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Everything posted by ex-green

  1. I included gardens too. If we exclude gardens, then the total actually "concreted over" for Britain as a whole, including not only dwellings but also workplaces, roads, everything, should be around 37% lower than England's 4.2%, so around = 2.7% of Britain's land. Really surprising, isn't it?! Thanks for working in this direction by the way, i had not thought of it. Really interesting.
  2. Much less than that. For England it is 4.2% actually "concreted over" + 4.26% of gardens = 8.42%. But for Britain as a whole it should be around 37% lower, so 8.42 x 0.63 = 5.33%? If i got the maths right?
  3. In England domestic buildings cover only 1.1 percent of land. For Britain as a whole this number must be even lower, probably around 0.7 percent, since Britain's population density is 37% lower than England's (662/sq mi as opposed to 1054 according to Wikipedia). Land use in England: rural and urban combined (Total): Buildings and Roads: Domestic buildings % = 1.1 Non-domestic buildings % = 0.65 Roads % = 2.22 Paths % = 0.1 Rail % = 0.13 Total "concreted over" = 4.2 percent Green spaces: Domestic gardens % = 4.26 Greenspace % = 87.46 Water % = 2.59 Other land % = 1.39 Total green spaces = 95.7 percent I've posted the tables on your Charts thread. Post # 1110. The bottom line of that table has the info I've copied above. http://www.housepricecrash.co.uk/forum/index.php?/topic/117772-post-your-favourite-charts-here/?p=1102536668 If all homes in England, some 20 million homes, cover only 1.1 percent of its land, then of course we have plenty of space to allow the building of more homes for the younger generations. Two million more homes would use only 0.1 percent of England's land! Even if we also allowed 2 million gardens they would need less than 0.4 percent of England's land. The NIMBYs are wrong, on facts. It is oficial, since this report. My 1st post about it: http://www.housepricecrash.co.uk/forum/index.php?/topic/198883-domestic-buildings-cover-only-11-percent-of-land-in-england/
  4. It's actually only 0.7% of UK land. I'll post the numbers and sources again, replying to the OP.
  5. Yes they are. Actually you are being too generous.
  6. We had the same problem years ago after moving into a rental. We lost our best clothes. And it was not easy to get rid of the problem permanently. We had to Google about it, and buy some specialist product.
  7. But why is she in such a hurry? Can't she wait a week or 2? Worst case scenario, you can hire a moving company with storage facilities, and stay a week or 2 in a hotel? It'll be a hasle, for sure, but it is a roof over your head...
  8. That's a very good advice. I must remember that myself, i tend to get upset when people are bastards. It doesn't hlep.
  9. Good point. A good bargain chip to get the deposit back?
  10. Did the landlord signed that postcard? You also have the old lady gardner as a witness of the original arrangement. And maybe you could also use all that on a small claims court?
  11. So there are empty council houses? How much are the rents for these maisonettes?
  12. Agree 100%. It is simple. I really don't understand why they don't do that. I bet they would recoup the money in less than 10 years. Perhaps they have NIMBYs there too?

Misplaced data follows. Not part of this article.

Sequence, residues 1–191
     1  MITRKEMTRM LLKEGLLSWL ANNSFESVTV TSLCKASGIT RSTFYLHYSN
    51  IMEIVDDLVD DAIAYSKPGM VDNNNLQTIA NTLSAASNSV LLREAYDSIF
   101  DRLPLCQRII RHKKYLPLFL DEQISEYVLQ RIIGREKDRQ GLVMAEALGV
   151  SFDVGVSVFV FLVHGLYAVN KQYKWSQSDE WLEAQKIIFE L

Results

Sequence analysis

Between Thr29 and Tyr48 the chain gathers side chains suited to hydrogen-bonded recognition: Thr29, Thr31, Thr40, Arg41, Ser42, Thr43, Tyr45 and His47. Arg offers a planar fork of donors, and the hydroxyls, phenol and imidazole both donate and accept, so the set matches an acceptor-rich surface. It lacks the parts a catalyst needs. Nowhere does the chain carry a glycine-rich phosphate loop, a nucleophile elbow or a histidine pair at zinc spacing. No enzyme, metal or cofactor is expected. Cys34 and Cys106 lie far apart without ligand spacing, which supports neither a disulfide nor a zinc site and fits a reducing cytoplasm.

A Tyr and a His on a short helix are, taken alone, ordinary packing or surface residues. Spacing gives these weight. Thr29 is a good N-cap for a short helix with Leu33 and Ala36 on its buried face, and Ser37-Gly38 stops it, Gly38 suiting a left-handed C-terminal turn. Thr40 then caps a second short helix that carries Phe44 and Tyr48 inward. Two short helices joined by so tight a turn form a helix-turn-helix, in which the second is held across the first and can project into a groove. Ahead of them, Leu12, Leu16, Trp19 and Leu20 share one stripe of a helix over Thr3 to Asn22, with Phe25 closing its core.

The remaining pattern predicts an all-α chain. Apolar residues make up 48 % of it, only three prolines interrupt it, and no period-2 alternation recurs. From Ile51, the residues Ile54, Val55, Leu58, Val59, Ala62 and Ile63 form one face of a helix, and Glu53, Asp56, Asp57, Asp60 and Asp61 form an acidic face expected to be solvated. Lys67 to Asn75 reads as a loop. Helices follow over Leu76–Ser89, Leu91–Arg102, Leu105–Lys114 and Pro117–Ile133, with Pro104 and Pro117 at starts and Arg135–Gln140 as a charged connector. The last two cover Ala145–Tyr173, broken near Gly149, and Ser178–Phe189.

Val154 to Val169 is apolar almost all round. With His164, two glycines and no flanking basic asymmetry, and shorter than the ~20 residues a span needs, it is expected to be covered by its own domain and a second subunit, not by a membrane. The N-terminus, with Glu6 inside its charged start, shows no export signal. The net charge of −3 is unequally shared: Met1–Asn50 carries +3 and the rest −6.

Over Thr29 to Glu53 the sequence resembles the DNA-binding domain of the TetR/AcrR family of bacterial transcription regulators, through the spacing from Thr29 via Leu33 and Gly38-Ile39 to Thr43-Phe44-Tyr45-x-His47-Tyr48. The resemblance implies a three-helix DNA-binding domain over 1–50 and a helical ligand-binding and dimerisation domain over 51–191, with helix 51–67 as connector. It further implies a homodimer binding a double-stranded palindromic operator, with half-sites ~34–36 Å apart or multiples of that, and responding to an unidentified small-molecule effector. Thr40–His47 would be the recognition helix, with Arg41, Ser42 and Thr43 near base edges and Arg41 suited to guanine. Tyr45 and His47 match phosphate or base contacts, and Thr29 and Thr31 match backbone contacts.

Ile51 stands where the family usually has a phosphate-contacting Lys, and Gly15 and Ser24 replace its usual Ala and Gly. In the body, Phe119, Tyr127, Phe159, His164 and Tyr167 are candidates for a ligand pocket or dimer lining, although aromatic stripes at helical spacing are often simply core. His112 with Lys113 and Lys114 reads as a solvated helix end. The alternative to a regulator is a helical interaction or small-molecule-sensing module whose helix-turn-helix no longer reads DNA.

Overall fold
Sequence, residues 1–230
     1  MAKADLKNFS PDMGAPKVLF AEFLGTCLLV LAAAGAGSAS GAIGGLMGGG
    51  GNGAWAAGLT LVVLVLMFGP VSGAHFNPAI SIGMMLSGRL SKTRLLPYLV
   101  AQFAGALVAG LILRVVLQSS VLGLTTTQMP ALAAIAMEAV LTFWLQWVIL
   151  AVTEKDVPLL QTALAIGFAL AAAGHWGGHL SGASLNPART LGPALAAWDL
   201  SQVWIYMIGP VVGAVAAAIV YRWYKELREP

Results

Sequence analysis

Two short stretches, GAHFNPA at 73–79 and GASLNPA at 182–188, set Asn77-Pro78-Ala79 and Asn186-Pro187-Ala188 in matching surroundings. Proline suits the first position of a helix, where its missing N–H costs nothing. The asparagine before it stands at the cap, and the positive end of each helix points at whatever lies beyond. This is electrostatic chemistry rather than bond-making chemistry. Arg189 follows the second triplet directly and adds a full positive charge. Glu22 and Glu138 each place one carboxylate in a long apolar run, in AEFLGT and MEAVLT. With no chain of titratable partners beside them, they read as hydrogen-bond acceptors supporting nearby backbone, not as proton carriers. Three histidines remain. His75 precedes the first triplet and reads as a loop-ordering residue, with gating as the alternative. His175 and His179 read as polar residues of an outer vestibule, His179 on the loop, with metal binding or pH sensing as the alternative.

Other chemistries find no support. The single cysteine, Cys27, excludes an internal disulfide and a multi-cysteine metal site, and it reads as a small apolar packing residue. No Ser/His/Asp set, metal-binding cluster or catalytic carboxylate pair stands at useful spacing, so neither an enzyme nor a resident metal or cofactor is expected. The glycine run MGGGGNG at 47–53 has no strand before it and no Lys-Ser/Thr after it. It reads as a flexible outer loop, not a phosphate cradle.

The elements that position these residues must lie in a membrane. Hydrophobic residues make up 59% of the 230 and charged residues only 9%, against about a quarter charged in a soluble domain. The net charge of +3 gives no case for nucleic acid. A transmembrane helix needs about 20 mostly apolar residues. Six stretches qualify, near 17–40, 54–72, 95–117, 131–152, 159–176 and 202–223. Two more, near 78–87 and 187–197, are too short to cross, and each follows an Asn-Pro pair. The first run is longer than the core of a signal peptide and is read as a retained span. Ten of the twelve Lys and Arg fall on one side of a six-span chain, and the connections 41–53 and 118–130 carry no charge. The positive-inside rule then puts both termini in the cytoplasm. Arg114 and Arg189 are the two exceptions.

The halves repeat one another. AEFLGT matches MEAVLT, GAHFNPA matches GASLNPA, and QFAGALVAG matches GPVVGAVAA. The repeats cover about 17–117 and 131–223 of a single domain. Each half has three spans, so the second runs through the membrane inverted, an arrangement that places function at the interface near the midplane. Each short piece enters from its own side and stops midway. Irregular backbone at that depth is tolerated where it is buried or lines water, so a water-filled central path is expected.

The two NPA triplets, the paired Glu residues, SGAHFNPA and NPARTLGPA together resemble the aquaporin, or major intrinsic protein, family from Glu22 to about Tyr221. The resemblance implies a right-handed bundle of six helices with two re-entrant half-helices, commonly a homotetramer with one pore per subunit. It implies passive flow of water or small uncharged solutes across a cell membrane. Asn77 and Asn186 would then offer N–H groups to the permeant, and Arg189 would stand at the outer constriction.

13. agree 100 percent. The numbers of immigrants is not as high as people think, and they don't use as much housing as a normal British couple or family would. Like you say we could easily build more than enough to supply the demand. Perhaps home owners ARE doing that on purpose? being against house building to extract this extra ransom like the article says? I don't know. Difficult to believe.
  14. We don't have thousands of homeless because young people are sharing, staying with parents, delaying starting a family, and young families are living in small flats, large families in small houses, etc. And if people want a little more living space they are forced to pay that ransom the article says. And all that is much worse for young people of course. We surely don't have a housing shortage for older people, lots of space there.
  15. Good news. And about time. Should of being done years ago actually.
  16. I think on this point bomberbrown is right. Immigrants may be renting, from landlords who have the 3000,000 quid. But there numbers are much lower than the tabloids make you think. And they live 6 to a flat.
  17. A few weeks back someone posted a link to a wikipedia page comparing population growth in different countries. I was really really surprised to see how low Britain actually was. I could not believe it. Yes, i found the page, take a look... http://en.wikipedia.org/wiki/List_of_countries_by_population_growth_rate I think that surprised me even MORE than when i found out how little "concreted over" England actually is. Our media doesn't have a clue. Or perhaps they do know it, but just lie like pure evil effing bastards, just to sell more papers. Incredible. Sometimes i feel like i am living in a mad country, where peoples views just don't match reality. Isn't that the definition of madness?
  18. Yes, some mistake there, by someone. The numbers don't match. Then again, that is the imaginary wealth anyway. The actual houses are the same, the only difference is how much people imagine they are "worth".
  19. Comparing UK and US, value of houses are similar, both around 80 % or 90 %, but residential land values are world apart, around 40 % in the US but around 200 % here.
  20. Yeah, i noticed that too. But i don't think these two things are necessarily connected. We should target BOTH, tax the 1 % AND let people build more houses.
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